Is There Really No Place Like Home?: American Composers Abroad



Guy Livingston

Writing from Paris, in the beginning of the new millennium, the city of light seems pretty tame compared to its awesome role a century ago. From about 1880 until World War II, Paris was the rarely-contested center for new and avant-garde music, painting, and writing. This cultural hub attracted vast numbers of foreigners, most particularly Americans. The story of Americans abroad in the 20th century is thus primarily one of Paris, but also one of London, Morocco, Rome, and more recently Amsterdam and Berlin.

What is it that has so strongly attracted Americans to Europe? What was so intriguing about European culture (particularly in the 1920s) that made Americans eager to pack their bags and rush to board the next ocean liner? Was it the food, the music, the poetry, the modernism, or the tradition?

America invented her politics and economy first, and culture much, much later. ‘American’ music existed before 1910, but those who performed it (except for religious music) were minstrels, bandleaders, folk musicians, and other performers relegated to the fringes of society. ‘Cultured’ music in America was defined solely by its relevance and closeness to European models. Pre-1900, the European education was the only choice for any serious composer, and the grand tour of Europe the only possibility of developing a refined musical background for American romantics Gottschalk, MacDowell and their fellow artists.

At the turn of the century, the situation began to change. However obscurely, composers like Ives were defining a homegrown American music, and patrons and critics were beginning to encourage a search for idioms separate from the European tradition. Ives, Cowell, Ruggles, and a few others developed ruggedly individualistic Yankee styles without leaving home, but they were too far outside the system to get significant attention. Meanwhile, more mainstream American composers were coming back from studies in Paris and Rome, full of fresh ideas for an “American Music.”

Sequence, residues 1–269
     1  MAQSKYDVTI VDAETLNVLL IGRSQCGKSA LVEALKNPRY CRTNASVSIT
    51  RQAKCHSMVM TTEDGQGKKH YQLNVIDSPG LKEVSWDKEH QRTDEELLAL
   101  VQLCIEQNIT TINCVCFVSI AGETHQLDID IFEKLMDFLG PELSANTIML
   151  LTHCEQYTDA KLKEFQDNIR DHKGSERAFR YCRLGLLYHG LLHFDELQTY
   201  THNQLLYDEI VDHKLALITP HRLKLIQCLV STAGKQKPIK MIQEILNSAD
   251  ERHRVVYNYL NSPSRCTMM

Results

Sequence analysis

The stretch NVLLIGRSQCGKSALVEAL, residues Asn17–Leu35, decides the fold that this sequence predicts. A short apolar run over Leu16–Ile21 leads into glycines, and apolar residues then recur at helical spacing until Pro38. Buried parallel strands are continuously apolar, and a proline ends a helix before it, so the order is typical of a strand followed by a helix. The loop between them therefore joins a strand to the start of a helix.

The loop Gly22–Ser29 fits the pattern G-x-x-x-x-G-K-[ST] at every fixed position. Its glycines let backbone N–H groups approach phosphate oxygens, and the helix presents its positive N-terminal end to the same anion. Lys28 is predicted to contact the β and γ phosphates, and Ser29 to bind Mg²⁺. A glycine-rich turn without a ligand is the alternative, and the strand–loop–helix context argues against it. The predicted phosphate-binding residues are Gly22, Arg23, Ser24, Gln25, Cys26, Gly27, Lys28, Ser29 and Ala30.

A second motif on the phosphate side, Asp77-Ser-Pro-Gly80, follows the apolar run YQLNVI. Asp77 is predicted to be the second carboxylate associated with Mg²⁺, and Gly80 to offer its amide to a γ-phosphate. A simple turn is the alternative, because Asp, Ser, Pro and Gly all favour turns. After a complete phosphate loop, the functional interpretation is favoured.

In the late 1920s, George Antheil, Virgil Thomson, and Aaron Copland returned from Europe with a splash, writing new and vivid music. Ragtime, early jazz, and African-American musicians were becoming popular in Europe and were being recognized for their artistry on both sides of the Atlantic. Crossover Broadway/classical artists like Gershwin began to mix jazz and European music. And by the ’30s and ’40s, mainstream U.S. composers were producing 100% ‘American Music’ for newly receptive symphonic audiences. No longer was the European model necessary to America: the U.S. had gained musical independence.

Not that composers stopped going to Europe. On the contrary: after World War II, the reasons to go abroad had changed, but the pull was still strong. In the ’50s there was the new attraction of Darmstadt, and in the ’80s the glistening underground IRCAM electronic music center. Here, composers could devote themselves entirely to new electronic and serialist idioms, without fear of a hostile or uninformed public (or sometimes without fear of any public at all).

The US-Vietnam war caused many Americans to seek anonymity or peace abroad. But it also made them extremely unpopular throughout Europe. In Rome, recounts composer Richard Trythall, the war and the changing economy “sent a lot of composers back to the States or elsewhere in Europe.” After IRCAM and Darmstadt became institutionalized and gained a reputation for bureaucratic academicism (which didn’t take long), the Dutch improvisation and new music scene exploded in the late ’80s, attracting composers from South America, Scandinavia, and the States. By the ’90s, established Dutch iconoclasts like Louis Andriessen and younger experimentalists like Richard Barrett and Ann Laberge, themselves foreigners, had turned Amsterdam into a major new music center.

Most recently, the burgeoning rave and techno scenes in London and Berlin are having a major international impact. For many young American composers and DJs, West Berlin, with its wealthy and hip audience, is now the place to be, while East Berlin still offers cheap food and accommodations. London balances a familiar language with sky-high rents and explosive growth.

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